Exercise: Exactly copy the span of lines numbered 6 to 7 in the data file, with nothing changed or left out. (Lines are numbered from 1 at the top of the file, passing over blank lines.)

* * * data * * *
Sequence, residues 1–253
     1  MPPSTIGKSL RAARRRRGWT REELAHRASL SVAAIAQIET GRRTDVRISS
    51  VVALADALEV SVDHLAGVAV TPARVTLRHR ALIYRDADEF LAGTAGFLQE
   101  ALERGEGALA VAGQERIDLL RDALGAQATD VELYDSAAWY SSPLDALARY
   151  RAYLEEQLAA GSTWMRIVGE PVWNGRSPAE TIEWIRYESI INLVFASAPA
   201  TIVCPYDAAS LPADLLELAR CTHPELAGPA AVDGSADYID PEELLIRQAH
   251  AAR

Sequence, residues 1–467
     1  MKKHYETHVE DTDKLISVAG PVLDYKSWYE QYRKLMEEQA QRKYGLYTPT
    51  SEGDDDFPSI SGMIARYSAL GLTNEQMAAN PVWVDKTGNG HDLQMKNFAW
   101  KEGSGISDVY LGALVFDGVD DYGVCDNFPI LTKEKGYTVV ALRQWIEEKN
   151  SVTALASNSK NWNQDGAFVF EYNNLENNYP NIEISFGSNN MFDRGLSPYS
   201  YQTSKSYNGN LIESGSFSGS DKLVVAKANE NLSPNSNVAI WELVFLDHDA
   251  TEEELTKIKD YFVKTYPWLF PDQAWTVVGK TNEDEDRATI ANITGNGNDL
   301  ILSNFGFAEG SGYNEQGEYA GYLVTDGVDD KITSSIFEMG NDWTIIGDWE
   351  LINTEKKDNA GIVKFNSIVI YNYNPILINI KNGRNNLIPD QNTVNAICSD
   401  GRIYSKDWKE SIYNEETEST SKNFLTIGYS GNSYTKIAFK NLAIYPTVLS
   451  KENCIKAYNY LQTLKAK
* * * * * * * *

   201  TIVCPYDAAS LPADLLELAR CTHPELAGPA AVDGSADYID PEELLIRQAH
   251  AAR